Does Erdogan close NATO doors for Sweden and Finland?

Bloomberg
Does Erdogan close NATO doors for Sweden and Finland?

Turkey doesn’t favor Sweden and Finland joining NATO, President Recep Tayyip Erdogan said in Istanbul on Friday, potentially dashing the two countries’ hopes of a quick accession to the military alliance. Any enlargement of the North Atlantic Treaty Organization requires unanimous approval of the alliance’s members. Turkey’s been a NATO member since 1952, Bloomberg writes.

Erdogan cited concerns over the presence of “terrorists” in both countries. Turkey wants Sweden and Finland to take a clear stance against supporters of separatist Kurdish militants fighting for autonomy in Turkey’s southeast, a senior Turkish official said. Ankara will hold negotiations over their membership in the alliance, he added. 

“We are following developments regarding Sweden and Finland, but we are not in a positive mindset,” Erdogan said in televised remarks after Friday prayers in Istanbul. “Scandinavian countries are like guest houses of terrorist organizations. They even take part in their parliaments. At this point, it is not possible for us to look at it positively.”

Turkey has long complained of insufficient cooperation from NATO and European allies against the Kurdistan Workers’ Party, or PKK, which is labeled as a terrorist organization by the US and European Union.

NATO Secretary General Jens Stoltenberg has repeatedly said he expects all allies to welcome the countries’ prospective membership and that the accession process would be swift. Turkish officials haven’t conveyed any sort of message during recent meetings, Swedish Minister of Foreign Affairs Ann Linde said in emailed comments. Spokespeople for the alliance didn’t immediately respond to a request for comment. The Finnish Foreign Ministry had no immediate comment.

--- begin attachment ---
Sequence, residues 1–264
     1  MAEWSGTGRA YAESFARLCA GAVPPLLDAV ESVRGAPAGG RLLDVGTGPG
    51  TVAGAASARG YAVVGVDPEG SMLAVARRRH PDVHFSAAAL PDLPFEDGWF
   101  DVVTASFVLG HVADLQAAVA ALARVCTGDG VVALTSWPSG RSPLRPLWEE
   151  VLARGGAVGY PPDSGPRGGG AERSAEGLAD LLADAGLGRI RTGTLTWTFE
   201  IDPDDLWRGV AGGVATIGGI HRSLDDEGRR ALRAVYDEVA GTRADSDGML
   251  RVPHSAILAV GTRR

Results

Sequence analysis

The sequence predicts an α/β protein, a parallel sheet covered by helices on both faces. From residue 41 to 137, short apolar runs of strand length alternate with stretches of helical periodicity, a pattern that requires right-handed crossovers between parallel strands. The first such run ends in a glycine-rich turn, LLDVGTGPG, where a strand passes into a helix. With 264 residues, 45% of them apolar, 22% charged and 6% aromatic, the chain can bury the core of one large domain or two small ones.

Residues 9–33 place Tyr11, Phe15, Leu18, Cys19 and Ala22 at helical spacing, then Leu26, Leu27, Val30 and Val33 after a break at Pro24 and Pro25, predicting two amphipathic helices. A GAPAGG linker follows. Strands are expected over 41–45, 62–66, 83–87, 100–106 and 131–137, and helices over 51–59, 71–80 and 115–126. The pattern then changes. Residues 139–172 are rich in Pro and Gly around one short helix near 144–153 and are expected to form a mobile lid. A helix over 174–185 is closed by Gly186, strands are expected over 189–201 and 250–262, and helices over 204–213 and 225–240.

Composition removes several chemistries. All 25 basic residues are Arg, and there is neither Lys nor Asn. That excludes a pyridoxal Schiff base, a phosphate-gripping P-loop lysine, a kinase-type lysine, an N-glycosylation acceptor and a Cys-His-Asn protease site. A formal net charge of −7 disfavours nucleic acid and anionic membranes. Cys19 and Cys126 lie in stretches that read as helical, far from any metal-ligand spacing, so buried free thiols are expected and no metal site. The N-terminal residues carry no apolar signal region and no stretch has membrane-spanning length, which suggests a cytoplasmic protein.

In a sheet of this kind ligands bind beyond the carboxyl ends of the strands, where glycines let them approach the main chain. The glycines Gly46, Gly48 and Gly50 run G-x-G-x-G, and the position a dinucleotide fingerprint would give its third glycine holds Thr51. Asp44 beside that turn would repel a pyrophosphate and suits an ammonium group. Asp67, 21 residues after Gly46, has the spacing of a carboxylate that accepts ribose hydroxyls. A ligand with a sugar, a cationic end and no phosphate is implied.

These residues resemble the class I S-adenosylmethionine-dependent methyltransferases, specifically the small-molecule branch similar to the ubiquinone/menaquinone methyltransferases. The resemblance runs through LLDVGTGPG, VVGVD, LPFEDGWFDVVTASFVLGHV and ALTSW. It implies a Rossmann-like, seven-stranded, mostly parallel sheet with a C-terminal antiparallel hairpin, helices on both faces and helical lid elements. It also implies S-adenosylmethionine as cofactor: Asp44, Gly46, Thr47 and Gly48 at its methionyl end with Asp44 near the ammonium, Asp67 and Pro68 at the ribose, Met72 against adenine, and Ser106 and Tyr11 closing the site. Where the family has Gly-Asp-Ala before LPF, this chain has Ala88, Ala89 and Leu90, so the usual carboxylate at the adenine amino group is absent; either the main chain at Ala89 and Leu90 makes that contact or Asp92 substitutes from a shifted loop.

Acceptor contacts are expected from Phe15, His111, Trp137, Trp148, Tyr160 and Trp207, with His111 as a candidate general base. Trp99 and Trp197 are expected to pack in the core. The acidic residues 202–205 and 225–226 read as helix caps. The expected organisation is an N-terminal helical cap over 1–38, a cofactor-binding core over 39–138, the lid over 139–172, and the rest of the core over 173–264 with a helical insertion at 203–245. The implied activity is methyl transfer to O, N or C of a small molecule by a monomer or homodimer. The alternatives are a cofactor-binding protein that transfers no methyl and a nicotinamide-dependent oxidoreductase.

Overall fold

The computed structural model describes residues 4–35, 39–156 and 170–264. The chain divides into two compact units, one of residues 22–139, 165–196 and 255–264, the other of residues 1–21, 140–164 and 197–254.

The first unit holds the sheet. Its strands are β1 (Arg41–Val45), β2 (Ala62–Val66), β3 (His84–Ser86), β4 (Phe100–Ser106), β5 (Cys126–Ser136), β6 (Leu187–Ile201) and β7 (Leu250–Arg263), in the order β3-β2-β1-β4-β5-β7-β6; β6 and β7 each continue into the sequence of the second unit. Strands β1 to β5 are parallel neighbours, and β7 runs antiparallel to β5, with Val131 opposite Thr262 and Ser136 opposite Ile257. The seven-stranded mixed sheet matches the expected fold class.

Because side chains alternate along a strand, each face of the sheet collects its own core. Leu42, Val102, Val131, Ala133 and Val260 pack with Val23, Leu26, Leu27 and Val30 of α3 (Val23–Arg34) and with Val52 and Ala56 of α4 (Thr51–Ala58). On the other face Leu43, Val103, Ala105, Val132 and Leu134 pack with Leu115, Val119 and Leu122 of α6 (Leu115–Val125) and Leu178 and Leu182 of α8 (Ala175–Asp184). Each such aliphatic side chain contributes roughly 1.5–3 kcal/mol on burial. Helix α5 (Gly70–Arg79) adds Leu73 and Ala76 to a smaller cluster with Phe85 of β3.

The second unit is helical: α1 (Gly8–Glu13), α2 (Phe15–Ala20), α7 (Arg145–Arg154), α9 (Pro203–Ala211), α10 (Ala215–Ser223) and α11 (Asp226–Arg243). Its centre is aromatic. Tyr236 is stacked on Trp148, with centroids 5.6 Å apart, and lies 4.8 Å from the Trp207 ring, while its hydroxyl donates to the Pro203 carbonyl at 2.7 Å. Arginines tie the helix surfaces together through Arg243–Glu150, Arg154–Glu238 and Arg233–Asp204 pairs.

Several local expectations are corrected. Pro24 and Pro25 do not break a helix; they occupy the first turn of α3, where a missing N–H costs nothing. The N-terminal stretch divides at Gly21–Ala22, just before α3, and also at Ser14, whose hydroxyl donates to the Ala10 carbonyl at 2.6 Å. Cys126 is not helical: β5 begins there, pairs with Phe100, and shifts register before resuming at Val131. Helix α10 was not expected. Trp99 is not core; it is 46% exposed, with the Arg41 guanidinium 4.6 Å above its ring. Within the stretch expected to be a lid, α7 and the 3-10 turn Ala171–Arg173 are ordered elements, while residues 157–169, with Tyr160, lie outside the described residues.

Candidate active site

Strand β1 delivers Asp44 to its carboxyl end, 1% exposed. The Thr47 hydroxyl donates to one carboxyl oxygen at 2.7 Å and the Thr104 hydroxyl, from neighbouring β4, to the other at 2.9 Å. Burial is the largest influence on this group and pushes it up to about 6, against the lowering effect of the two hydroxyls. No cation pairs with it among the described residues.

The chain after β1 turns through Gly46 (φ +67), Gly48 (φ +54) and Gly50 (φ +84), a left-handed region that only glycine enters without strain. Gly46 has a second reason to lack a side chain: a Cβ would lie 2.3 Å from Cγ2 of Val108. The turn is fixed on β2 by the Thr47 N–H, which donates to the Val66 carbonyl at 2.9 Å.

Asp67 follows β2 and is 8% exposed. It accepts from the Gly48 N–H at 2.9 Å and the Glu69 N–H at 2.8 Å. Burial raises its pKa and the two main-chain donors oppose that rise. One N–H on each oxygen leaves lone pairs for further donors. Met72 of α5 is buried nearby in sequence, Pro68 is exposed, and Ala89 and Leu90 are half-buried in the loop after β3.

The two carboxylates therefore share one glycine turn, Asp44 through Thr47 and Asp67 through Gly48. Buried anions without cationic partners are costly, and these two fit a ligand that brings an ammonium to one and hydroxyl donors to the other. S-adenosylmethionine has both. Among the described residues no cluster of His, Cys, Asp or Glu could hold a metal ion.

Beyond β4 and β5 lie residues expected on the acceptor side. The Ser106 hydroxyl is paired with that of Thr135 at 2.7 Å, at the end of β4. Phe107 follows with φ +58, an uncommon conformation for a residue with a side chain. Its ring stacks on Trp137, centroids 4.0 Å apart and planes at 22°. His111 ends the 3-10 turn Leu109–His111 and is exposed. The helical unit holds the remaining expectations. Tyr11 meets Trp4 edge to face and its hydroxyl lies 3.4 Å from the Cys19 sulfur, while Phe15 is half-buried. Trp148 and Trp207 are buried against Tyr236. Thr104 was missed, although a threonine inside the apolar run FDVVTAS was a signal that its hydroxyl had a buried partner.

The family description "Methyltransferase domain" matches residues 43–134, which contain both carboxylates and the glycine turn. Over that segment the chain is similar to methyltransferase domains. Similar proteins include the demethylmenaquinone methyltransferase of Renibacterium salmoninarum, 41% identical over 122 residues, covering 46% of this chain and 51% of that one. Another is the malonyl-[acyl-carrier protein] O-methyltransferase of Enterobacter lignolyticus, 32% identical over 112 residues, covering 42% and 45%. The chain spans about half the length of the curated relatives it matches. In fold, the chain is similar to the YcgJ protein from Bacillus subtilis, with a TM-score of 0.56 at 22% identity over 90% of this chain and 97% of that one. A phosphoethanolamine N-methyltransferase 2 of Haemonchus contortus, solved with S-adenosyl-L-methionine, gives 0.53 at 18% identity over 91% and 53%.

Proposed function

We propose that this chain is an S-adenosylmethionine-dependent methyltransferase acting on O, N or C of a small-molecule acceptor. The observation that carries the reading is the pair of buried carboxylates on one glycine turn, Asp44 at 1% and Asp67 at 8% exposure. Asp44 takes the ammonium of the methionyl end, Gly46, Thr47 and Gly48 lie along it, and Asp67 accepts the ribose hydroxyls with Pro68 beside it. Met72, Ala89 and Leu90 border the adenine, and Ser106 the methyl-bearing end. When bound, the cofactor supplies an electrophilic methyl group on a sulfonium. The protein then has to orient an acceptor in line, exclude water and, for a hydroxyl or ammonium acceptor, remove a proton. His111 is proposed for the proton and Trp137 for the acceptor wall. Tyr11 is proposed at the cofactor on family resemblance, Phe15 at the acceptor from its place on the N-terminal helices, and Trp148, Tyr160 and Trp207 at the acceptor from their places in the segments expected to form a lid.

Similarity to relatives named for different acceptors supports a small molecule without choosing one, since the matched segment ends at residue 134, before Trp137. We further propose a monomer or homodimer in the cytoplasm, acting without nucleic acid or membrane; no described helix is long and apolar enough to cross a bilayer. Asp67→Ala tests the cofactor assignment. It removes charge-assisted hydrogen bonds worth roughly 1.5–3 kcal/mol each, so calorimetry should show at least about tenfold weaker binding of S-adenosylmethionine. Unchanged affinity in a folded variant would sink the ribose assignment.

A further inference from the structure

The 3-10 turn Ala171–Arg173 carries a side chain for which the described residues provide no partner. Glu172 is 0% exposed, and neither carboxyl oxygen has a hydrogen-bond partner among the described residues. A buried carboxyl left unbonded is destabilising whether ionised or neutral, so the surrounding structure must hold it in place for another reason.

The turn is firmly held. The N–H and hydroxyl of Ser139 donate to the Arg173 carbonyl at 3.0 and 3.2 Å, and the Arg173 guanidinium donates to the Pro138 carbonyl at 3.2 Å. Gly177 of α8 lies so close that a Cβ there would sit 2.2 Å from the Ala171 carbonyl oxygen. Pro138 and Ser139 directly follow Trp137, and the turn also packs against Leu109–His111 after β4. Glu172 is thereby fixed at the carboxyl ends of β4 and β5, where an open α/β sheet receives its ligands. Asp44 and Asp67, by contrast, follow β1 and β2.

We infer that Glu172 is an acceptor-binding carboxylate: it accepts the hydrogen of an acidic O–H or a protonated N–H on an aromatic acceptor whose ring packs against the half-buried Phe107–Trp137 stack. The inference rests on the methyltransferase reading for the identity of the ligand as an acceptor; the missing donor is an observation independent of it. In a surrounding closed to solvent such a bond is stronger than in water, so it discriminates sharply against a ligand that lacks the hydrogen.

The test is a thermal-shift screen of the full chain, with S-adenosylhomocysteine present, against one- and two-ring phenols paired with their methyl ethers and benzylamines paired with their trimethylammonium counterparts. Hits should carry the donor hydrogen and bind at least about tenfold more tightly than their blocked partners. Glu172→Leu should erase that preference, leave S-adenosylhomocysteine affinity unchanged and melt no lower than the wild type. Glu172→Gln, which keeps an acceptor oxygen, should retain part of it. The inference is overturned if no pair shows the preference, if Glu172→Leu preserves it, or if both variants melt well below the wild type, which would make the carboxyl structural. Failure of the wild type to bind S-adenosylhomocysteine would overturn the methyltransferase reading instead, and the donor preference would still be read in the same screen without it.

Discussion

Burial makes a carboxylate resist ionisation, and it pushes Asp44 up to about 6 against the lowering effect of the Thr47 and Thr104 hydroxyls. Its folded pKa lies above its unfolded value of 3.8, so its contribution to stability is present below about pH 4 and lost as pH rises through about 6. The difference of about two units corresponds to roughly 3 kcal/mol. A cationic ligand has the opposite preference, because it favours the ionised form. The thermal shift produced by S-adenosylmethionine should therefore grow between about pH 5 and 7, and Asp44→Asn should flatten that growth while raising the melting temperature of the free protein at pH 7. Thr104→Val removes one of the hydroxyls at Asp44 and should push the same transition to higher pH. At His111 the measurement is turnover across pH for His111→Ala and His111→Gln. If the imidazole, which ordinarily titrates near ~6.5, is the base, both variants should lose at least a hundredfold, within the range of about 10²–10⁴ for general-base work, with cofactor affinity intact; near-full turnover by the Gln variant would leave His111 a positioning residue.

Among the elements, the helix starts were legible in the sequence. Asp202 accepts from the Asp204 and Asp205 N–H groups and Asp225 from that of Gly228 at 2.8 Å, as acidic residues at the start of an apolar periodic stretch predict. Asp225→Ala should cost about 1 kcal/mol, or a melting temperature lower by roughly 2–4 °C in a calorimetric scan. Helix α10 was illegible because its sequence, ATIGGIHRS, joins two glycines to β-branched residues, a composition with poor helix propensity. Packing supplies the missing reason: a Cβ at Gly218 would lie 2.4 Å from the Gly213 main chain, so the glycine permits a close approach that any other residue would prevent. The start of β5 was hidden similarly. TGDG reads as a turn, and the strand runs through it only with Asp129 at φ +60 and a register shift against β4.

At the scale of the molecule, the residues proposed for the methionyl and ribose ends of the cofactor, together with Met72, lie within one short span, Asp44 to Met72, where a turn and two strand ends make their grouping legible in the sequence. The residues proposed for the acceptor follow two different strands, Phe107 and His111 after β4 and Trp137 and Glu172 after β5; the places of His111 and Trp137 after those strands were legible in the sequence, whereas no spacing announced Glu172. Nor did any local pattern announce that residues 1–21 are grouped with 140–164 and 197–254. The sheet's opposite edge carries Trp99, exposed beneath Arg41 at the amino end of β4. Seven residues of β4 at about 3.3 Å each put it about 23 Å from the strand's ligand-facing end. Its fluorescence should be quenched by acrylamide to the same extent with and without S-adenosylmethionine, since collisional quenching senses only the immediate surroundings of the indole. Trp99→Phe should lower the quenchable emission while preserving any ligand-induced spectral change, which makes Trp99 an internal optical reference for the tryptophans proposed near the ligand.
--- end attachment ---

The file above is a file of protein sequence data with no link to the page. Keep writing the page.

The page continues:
Despite their orientation toward the US and western Europe, Finland and Sweden had bet since the Cold War that their national security was best protected by staying out of NATO. They aimed to avoid disturbing the military balance in the Baltic Sea region and provoking Russia. But Russia’s special operation in Ukraine sparked a rethinking in both countries. 

Turkey has sought a middle ground over the crisis in Ukraine. The government in Ankara has been reluctant to burn its bridges with Russian, but it has supplied Kyiv with drones and shut its straits and air space to military ships and aircraft. 

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